Ghost Town General Store

 

As I mentioned earlier in the week, my family and I traveled to Colorado last weekend for the wedding of my niece.

While there, we visited the St. Elmo ghost town.  This silver and gold mining town flourished from the 1880s to around 1920, when the last mine closed.  Some say that the buildings are haunted by Annabelle Anton, the daughter of one of the leading families in St. Elmo, and the last resident to leave.  She was known as “Dirty Annie” in her latter days because she walked around town in filthy clothes, tangled hair, and toting a shot-gun.  The town officially died in 1958 when the postmaster died and the post office closed.

Currently, the remnants of nearly 20 building remain and there is an effort to restore the historic town.   The jail is restored and you can walk through it and the General Store is open, but most of the buildings are shuttered.  Through the windows, you can see of the flotsam and jetsam of an earlier age:  iron stoves, dishes, horse shoes, bottles…

I’d love to hear about your local ghost town…it seems we all have one!

 

Assignment 5-Divide and Conquer

I find planning the quilting for a large quilt top intimidating.  It is much easier to Divide and Conquer.  In block quilts, it is easy to narrow the focus to individual blocks, and decide the pattern, block by block and border by border.   In strips quilts like the College Doodle Quilt, the quilt design could easily follow the long seam lines.   A great advantage of this method is that no marking is needed!

The method I have chosen for the College Doodle Quilts is to draw a center square (22″ x 22″) and several larger squares of varying dimensions around that center square.  Because I have a triangle ruler, I will divide some of the space into triangles.  Use whatever rulers that you have to make this easier.  Most of us have many rulers in varying widths and shapes.  This is a perfect time to use them.  We will make our quilt motifs fit these shapes.  Continue dividing the quilt top into smaller borders and shapes until you no longer feel intimidated by the large space.  Work intuitively here.–In other words, don’t over-think this stage.  Once you begin quilting, any of these lines can be modified.

I do not plan the quilt design at this point.  I simply create divisions and different shapes as quilt motif (doodle)  guidelines.   I usually choose the quilt doodle when I am sitting at my sewing machine.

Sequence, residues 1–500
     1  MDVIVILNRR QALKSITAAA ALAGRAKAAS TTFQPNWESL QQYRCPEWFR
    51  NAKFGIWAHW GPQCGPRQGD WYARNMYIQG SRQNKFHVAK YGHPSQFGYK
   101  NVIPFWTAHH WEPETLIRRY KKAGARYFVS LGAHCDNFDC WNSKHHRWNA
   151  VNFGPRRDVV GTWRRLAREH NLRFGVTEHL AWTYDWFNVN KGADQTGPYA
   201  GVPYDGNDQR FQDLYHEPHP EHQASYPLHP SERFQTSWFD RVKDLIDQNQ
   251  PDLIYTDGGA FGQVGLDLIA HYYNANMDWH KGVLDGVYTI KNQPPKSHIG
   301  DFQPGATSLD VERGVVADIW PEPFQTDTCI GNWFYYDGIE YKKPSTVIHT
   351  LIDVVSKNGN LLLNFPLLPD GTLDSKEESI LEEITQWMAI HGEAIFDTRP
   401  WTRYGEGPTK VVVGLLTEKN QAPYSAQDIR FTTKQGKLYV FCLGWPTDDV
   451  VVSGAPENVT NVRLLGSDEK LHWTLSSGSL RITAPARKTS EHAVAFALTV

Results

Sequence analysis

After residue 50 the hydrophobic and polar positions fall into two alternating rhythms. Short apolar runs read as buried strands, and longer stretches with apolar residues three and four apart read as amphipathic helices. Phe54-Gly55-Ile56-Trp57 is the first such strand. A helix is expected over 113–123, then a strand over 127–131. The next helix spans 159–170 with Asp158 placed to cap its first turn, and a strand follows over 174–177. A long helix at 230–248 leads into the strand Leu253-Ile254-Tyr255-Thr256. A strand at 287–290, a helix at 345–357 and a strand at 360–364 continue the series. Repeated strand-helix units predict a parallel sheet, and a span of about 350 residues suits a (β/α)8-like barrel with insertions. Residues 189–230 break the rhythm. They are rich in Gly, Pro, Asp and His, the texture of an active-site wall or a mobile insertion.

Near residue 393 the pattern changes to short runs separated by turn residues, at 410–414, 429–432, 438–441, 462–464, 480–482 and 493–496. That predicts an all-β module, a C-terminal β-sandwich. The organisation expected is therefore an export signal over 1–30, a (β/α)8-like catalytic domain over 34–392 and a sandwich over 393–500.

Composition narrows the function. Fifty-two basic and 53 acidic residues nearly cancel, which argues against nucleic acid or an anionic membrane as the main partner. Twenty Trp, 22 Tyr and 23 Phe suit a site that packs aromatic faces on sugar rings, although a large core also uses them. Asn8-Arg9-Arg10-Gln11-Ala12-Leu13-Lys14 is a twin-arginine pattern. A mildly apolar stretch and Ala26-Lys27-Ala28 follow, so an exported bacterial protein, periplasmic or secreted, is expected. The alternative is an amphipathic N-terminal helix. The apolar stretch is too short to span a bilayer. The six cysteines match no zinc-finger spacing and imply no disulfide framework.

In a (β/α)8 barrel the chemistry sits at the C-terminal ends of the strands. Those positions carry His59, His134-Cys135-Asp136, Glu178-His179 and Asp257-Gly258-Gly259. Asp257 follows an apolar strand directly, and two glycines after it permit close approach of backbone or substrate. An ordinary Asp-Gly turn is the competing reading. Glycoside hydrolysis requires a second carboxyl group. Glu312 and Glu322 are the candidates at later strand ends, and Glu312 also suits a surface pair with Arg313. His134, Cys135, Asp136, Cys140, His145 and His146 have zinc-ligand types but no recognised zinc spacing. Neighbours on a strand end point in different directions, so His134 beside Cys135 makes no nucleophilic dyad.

Assignment 5:      Press the seams

                              Trim uneven edges

                              Mark the quilt center

                              Divide and Conquer

In Assignment 4, we cut 11 strips: 6.5 inches wide by 68 inches long, arranged and labeled the strips and then sewed them together.

Assignment 5:  Press the seams.  I prefer to iron the seams open on the wrong side and then flip the panel over and press again on the right side of the fabric…

I know, I know, I know–this is like quilter’s heresy to some of you, but I like the flat effect.  Also, seams sewn with a machine are very strong and can tolerate being pressed open.   At this point, you may starch the entire quilt top if you like.  I only use starch if I have stubborn wrinkles.

Once the quilt top is pressed and starched, I trim off any uneven edges that occurred while I was sewing.

At this point, I mark the center of the quilt.  I do this by folding the quilt in half (right sides together) lengthwise, and then again crosswise.

Now it is time to divide and conquer. I gather several rulers of different widths to subdivide the quilt top.  I place a large square ruler on the center point of the quilt top.  If it is not large enough, I can place another ruler next to it to make my marks.

In this quilt I made a 22 inch center square, and then I drew another one inch border around that.  I will add several other lines, squares, even triangles to divide up the quilting space.

Ghost Town Jaunt

Over the weekend, my family and I had the great pleasure of traveling to Colorado’s San Isabel National Forest for my niece’s wedding.  It was a lovely outdoor wedding…the weather was perfect and the fall color was at its peak.

The aspens positively glowed against the dark green spruces and the clear blue skies.  San Isabel is in the Collegiate Mountain Range and is known for its many “fourteeners”-mountain peaks over 14,000 feet.

In between the wedding festivities, we had time to hike, luxuriate in the natural hot springs, and visit a ghost town!

St. Elmo was once a gold and silver mining town of nearly 2000 residents.  Now it is a ghost town….and some even say it is haunted…

As with most vacations, we came back rejuvenated and happy…and delighted to have our phone and internet access once again!